Web interface

The simplest way to access these geocoders is through the endpoint's web interface:

This interface is particularly useful for looking up one address at a time.

You'll want to know about three key parameters:

Single Line Input (URL parameter: SingleLineInput)

This is where your address input should go. In order to work, this should just be a number, street name, and (optional) street type. Don't include "Detroit, MI" or a zip code.

For intersections, this should be formatted as "Street 1 and Street 2" or "Street 1 & Street 2".

Output Spatial Reference (URL parameter: outSR)

This defines what spatial reference the output coordinates should be in. The default is 2898 - we use this because sometimes we want to specify a distance in feet and not degrees.

However, for the vast majority of uses, you'll want this to be 4326; that way, you'll get lat-long coordinates that other web tools will understand.

Out fields (URL parameter: outFields)

You generally want to set this to * to return all match fields. Otherwise, you'll just get back coordinates and a cleaned address.

Batch geocoding

But what if you have a list of addresses and you want to geocode all of them at once?

You can find plenty of tutorials and plugins to enable batch geocoding with your software of choice: ArcMap, QGIS, and even Microsoft Office.

Alternatively, we've been prototyping a simple geocoding web app that accepts a list of Detroit addresses and returns additional location fields. This tool favors spreadsheet workflows, whether that's a Smartsheet, Google Sheet or CSV. You can copy and paste a list of addresses directly into the app's search and we'll generate a table of results that can be smoothly copy-and-pasted right back into your original workspace.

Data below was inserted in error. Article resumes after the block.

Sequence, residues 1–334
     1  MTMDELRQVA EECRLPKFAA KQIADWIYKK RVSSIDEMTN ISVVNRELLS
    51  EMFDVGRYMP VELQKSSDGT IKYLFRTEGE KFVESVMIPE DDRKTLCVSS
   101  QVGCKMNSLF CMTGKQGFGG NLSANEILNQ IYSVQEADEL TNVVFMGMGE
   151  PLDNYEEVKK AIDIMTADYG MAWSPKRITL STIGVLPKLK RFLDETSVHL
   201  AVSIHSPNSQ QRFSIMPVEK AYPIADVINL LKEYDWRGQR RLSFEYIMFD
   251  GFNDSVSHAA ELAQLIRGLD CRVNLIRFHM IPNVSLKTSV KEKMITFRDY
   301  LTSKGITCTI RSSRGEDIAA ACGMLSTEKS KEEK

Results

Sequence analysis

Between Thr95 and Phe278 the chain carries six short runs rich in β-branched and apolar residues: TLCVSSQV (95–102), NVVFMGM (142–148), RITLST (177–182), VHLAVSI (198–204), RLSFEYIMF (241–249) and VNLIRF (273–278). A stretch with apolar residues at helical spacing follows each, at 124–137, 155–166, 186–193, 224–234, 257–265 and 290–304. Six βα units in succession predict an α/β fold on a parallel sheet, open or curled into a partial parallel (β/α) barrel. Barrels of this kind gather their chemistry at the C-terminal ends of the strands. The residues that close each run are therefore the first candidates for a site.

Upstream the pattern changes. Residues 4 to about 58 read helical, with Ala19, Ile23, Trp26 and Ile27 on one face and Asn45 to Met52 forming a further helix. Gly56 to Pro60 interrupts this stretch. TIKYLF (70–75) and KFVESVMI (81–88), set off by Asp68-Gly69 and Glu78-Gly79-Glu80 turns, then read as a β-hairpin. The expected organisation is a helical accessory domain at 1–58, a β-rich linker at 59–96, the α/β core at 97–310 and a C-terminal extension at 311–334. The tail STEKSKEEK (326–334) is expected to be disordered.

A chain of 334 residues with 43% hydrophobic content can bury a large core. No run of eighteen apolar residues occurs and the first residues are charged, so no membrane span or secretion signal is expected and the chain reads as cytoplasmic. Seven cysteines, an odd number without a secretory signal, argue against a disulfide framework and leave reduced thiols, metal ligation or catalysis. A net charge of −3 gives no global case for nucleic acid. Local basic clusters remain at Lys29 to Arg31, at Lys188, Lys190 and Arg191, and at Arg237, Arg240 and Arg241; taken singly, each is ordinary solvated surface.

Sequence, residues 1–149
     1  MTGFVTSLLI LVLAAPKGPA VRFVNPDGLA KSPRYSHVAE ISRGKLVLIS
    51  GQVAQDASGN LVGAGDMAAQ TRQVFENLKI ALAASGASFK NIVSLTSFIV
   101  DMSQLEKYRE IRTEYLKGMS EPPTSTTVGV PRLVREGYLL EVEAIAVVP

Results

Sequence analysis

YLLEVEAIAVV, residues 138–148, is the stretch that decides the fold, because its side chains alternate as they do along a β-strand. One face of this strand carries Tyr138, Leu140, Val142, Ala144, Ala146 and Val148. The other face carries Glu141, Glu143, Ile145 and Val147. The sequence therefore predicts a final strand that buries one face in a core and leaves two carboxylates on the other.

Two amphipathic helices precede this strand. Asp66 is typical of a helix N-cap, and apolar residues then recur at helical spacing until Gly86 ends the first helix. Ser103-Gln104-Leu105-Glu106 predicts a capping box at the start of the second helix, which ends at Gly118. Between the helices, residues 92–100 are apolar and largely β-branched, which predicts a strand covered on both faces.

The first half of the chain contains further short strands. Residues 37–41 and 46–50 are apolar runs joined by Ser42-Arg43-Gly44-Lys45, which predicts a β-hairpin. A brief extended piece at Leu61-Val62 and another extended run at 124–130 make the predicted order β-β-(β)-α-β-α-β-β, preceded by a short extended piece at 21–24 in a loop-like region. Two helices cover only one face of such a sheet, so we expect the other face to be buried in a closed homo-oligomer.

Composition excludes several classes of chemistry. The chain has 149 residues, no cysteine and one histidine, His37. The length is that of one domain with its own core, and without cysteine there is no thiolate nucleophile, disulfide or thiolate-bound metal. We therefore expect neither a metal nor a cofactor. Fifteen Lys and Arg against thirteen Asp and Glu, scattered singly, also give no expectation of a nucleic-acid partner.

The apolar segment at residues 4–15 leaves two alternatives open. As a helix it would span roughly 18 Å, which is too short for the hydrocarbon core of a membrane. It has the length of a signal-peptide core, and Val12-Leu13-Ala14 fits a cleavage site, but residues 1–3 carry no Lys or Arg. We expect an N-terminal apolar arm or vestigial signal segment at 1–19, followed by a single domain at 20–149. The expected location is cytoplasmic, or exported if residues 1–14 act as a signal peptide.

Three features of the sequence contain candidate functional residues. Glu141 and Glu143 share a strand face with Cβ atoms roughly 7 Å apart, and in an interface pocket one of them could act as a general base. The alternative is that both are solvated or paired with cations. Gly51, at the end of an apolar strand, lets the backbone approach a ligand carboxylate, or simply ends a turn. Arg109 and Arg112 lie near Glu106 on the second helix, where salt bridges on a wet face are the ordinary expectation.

Give it a spin here:

Developer workflows, and where you'll find geocoding in our code

As we mentioned earlier, nearly all of the apps that our team builds rely on being able to request address information from our geocoder. Here's two generalized examples of how we commonly implement geocoding in Javascript and Python.


Let's say we're tasked with building a web map. This web map will have a search box that accepts an address as text input. When someone searches an address, the map should fly-to that place. So, we'll need to read this input and request the address' associated lat-lng coordinates from the geocoder to reposition the center of our map.

Assuming you're working in an environment that supports the Fetch API, you might write a function like this:

 * Returns more information about an address from the AddressPointGeocoder
 * @param {string} address
 * @returns {Promise} Promise object represents a list of matches 
 *   each match has lat-lng coordinates, a parcel identifier, and more
function geocodeAddress(address) { 
  let matches = [];
  let url = `  Single+Line+Input=${address}&outSR=4326&outFields=*&f=pjson`;
  return fetch(url)
    .then(response => response.json())
    .then(data => {
      return matches;
    .catch(error => console.log(error));

This function will return nice JSON matches that we can parse accordingly in our app. The geocoder orders candidates by "score"; we're choosing to just keep the first and most likely candidate above.

Try it out live in this Observable Notebook.


When it comes to geocoding in Python, we'll point you straight to the ArcGIS API for Python. You'll find many useful methods for working with geospatial data in this library, like:

We use the arcgis library in our ETL workflows for open data. We commonly have a table of data where one column is an address and we want to add additional columns with location coordinates and a parcel number. Check out this Python class to see how it works.